Last updated: August 2021
- Initial treatment of severe thiamine (vitamin B1) deficiency: severe acute forms of beriberi, neurological complications of chronic alcoholism (delirium tremens, Wernicke’s encephalopathy)
Forms and strengths, route of administration
- 100 mg thiamine hydrochloride in 2 ml ampoule (50 mg/ml) for IM or very slow IV route (30 minutes)
Dosage and duration
25 mg by IV route then, 25 mg by IM route once or 2 times daily then, change to oral route (10 mg once daily) as soon as symptoms have improved.
50 mg by IM route then change to oral route (50 mg 3 times daily until symptoms improve then, 10 mg once daily)
or, depending on severity, 50 mg by IM route every 8 hours for a few days then change to oral route (10 mg once daily).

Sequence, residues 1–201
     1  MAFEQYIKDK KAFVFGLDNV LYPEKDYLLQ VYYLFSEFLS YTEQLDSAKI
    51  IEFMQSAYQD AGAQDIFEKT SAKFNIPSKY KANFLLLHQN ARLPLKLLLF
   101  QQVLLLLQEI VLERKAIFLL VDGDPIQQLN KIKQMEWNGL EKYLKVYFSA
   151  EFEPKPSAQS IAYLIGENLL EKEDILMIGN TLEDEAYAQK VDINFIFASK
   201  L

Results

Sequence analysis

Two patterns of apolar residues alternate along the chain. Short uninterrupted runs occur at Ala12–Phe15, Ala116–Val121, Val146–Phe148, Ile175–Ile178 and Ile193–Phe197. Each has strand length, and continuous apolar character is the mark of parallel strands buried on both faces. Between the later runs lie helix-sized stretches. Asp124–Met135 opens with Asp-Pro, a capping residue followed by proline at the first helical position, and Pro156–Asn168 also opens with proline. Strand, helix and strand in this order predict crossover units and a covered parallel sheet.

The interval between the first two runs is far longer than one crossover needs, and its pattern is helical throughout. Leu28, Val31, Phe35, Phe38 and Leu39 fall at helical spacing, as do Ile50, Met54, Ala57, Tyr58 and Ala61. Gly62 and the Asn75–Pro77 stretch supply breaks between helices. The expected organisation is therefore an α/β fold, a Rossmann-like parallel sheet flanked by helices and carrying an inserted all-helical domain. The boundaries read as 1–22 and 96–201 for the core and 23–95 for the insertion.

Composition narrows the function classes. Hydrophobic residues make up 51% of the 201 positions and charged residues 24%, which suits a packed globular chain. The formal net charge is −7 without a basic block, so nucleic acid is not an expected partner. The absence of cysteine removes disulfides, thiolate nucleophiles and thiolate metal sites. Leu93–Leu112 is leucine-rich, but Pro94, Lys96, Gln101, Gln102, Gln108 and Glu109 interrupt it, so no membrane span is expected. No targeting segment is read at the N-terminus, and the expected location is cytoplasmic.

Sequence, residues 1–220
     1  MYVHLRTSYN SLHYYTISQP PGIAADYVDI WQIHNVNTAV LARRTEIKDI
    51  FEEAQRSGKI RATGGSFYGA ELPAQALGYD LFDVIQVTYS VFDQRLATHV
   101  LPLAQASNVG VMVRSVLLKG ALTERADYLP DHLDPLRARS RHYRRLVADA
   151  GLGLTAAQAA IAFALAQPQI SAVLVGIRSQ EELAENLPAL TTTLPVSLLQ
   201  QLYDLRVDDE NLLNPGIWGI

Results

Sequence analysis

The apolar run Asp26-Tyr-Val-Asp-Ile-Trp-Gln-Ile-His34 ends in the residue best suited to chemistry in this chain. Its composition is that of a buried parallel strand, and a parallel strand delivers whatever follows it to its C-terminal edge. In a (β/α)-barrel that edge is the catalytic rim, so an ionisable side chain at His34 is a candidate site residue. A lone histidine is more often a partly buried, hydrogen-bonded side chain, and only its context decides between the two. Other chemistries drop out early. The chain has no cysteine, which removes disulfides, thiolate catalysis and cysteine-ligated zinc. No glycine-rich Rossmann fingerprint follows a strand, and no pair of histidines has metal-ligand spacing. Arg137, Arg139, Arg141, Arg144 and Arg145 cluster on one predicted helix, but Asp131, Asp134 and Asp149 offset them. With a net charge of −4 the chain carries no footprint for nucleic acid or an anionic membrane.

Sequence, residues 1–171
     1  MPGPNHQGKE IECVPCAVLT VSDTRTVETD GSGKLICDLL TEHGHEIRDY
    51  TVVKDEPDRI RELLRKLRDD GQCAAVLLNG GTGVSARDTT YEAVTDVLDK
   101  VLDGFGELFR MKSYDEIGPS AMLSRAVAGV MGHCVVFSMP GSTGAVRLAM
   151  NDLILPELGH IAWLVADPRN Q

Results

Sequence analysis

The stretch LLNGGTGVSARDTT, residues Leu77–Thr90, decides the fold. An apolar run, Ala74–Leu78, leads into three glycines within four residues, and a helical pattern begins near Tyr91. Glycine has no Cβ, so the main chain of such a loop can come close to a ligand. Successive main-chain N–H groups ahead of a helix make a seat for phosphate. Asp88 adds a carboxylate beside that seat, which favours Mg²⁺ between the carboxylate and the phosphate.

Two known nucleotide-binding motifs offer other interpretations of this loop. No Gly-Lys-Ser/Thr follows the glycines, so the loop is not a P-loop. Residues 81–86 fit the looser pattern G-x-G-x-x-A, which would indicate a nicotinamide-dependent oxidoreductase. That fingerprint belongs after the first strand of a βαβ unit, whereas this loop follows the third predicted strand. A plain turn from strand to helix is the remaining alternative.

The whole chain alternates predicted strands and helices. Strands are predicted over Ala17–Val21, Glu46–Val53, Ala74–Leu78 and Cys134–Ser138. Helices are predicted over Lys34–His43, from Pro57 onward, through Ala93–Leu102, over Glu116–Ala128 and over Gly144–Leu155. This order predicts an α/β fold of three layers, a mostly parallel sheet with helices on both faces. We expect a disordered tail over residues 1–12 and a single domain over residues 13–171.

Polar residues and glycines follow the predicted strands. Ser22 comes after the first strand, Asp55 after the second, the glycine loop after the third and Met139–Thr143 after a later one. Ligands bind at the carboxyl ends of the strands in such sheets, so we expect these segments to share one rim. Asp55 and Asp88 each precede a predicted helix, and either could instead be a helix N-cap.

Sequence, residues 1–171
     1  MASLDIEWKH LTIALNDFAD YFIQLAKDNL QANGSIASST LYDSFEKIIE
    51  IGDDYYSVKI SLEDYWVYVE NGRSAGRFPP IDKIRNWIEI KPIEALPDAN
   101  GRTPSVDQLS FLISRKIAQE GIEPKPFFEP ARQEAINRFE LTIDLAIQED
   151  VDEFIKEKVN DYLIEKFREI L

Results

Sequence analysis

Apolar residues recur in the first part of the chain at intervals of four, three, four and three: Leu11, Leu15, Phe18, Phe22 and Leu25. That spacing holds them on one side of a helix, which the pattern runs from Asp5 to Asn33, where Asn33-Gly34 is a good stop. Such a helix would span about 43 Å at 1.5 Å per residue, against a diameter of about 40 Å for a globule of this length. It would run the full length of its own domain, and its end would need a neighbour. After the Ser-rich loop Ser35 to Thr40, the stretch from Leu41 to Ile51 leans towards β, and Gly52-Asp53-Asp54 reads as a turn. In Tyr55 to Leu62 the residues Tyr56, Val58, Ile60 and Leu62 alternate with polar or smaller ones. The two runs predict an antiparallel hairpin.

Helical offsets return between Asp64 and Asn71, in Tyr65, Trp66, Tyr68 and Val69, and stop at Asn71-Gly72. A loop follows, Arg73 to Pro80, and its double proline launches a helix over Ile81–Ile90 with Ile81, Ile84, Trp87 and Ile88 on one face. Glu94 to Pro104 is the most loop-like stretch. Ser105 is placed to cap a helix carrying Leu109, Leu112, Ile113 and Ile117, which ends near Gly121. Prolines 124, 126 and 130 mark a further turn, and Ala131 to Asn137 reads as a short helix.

Delirium tremens, Wernicke’s encephalopathy
100 mg by IM or IV route 3 times daily for 3 to 5 days
Contra-indications, adverse effects, precautions
- May cause: hypotension; anaphylactic reaction, especially when injected IV (inject very slowly over 30 minutes).
- Pregnancy: no contra-indication
- Breast-feeding: no contra-indication
- Thiamine is also called aneurine.
- Injectable thiamine is not included in the WHO list of essential medicines.